When a contractor is staring down the barrel of an owner’s assessment of liquidated damages, the burden will fall on the contractor to establish that the delay was attributable to the owner and the owner’s agents. The contractor will want to do this not only to defeat the assessment of liquidated damages, but because it will want to establish that the delay caused it to incur extended field overhead (general conditions) for which the owner is responsible. A contractor supports its burden by proving the impacts to its critical path. “In general, proving an allegation of government-caused delays without a means of showing the critical path is a steep prospect.” James Talcott Construction v. U.S., 2019 WL 1040383, *8 (Fed. Cl. 2019) (unreported opinion) (finding that because contractor did NOT present a critical path analysis it could not support its claim for delay caused by the government). Avoiding the assessment of liquidated damages means the contractor needs to support that it encountered excusable delay and it is/was entitled to an extension of time to complete the project. Read the court decision
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    Reprinted courtesy of David Adelstein, Kirwin Norris, P.A.
    Mr. Adelstein may be contacted at

    Premises Liability: Everything You Need to Know

    September 09, 2019 —
    Premises liability is a relatively simple concept: landowners, lessors, and occupiers of land must keep their property safe and avoid causing harm to others. Premises liability lawsuits can arise from an array of circumstances including a slip and fall by an individual, a construction site accident, or an accident at occurs on a residential or commercial property. Under California law, everyone is responsible, not only for the result of his or her willful acts, but also for an injury occasioned to another by his or her want of ordinary care or skill in the management of his or her property. California Civil Code 1714 (a). When an individual is injured on a property, the person harmed generally brings a lawsuit based upon a theory of negligence. Under this theory, an injured Plaintiff must prove the following:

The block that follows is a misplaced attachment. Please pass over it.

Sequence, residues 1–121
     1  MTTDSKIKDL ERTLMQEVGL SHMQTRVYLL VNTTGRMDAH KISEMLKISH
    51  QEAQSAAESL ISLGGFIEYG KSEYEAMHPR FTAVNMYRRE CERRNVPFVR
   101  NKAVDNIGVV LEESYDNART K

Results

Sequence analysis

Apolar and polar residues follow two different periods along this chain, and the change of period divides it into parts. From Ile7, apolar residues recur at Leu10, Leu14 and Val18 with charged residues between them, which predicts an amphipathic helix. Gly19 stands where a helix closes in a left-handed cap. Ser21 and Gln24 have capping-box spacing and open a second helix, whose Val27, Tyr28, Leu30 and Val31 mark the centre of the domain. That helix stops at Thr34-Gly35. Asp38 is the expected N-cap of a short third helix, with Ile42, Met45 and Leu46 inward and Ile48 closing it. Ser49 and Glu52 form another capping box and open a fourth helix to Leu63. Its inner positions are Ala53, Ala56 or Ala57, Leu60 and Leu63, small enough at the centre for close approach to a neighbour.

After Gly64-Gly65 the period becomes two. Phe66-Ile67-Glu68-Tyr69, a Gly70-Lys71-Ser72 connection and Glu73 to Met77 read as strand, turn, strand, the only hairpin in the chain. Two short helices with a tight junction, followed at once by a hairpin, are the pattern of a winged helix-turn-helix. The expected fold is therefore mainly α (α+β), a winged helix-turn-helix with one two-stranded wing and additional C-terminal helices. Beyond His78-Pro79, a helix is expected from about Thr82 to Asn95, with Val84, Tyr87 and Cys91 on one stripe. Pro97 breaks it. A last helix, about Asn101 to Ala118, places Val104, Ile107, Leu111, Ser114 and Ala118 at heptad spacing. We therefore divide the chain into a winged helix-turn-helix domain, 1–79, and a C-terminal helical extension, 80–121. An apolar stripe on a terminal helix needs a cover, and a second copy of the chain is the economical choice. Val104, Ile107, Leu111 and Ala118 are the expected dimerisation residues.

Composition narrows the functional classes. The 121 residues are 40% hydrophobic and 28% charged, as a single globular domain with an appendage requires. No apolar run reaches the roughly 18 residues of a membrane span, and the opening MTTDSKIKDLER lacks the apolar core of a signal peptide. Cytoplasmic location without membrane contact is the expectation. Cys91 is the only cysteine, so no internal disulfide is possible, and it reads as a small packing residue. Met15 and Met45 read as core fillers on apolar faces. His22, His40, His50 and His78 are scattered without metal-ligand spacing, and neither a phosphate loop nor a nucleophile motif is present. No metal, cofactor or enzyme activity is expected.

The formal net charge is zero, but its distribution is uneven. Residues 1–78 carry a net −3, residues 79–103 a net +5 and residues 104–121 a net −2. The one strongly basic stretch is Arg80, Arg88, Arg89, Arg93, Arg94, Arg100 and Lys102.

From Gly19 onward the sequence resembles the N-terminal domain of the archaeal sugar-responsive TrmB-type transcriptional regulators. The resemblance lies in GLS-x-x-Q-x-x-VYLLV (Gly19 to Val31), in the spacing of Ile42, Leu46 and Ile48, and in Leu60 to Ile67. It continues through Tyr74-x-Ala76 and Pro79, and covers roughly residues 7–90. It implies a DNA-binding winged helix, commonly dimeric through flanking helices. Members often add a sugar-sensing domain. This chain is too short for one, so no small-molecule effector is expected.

1. The defendant owned, leased, occupied, or controlled the property;
    2. The defendant was negligent in the use or maintenance of the property;
    3. The plaintiff was harmed; and
    4. The defendant’s negligence was a substantial factor in causing the plaintiff’s harm.
    California Civil Jury Instructions 1000. When evaluating a negligence claim under the theory of premises liability, there are several key elements for both a Plaintiff and a Defendant to consider. First, the landowner, occupier, or lessor of a premises is under a duty to exercise ordinary care in the use or maintenance of the premises to avoid exposing persons to an unreasonable risk of harm. Rowland v. Christian, 69 Cal. 2d 108 (1968). Essentially, a landowner or occupier is required to take steps to keep individuals on the property free from harm. Read the court decision
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    Reprinted courtesy of Bremer Whyte Brown & O'Meara LLP

    Third Circuit Limits Pennsylvania’s Kvaerner Decision; Unexpected and Unintended Injury May Constitute an “Occurrence” Under Pennsylvania Law

    December 22, 2019 —
    The Third Circuit ruled on Friday that differing “occurrence” definitions can have materially different meanings in the context of whether product defect claims constitute an “occurrence” triggering coverage under general liability insurance policies. The Court held in Sapa Extrusions, Inc. v. Liberty Mutual Insurance Company, that product claims against Sapa may be covered under policies that define an “occurrence” as an accident resulting in bodily injury or property damage “neither expected nor intended from the standpoint of the insured.” However, the Court affirmed that coverage was not triggered under policies lacking the “expected” or “intended” limitation, reasoning that, under those policies, there was no question that the intentional manufacturing of Sapa’s product was too foreseeable to amount to an “accident.” The coverage dispute arose from an underlying action in which Marvin, a window manufacturer, alleged that, between 2000 and 2010, Sapa sold it roughly 28 million defective aluminum window extrusions. Marvin alleged that the extrusions, which are metal frames that hold glass window panes in place, began to oxidize and break down shortly after they were installed, causing Marvin to incur substantial costs to fix and replace them. Marvin sued Sapa in 2010 in Minnesota federal court, and the parties settled in 2013. Sapa sought coverage for the settlement from its eight general liability insurers for the period implicated by Marvin’s allegations. The insurers denied coverage and Sapa brought suit in the Middle District of Pennsylvania. Reprinted courtesy of Michael S. Levine, Hunton Andrews Kurth and Michelle M. Spatz, Hunton Andrews Kurth Mr. Levine may be contacted at Ms. Spatz may be contacted at Read the court decision
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    Reprinted courtesy of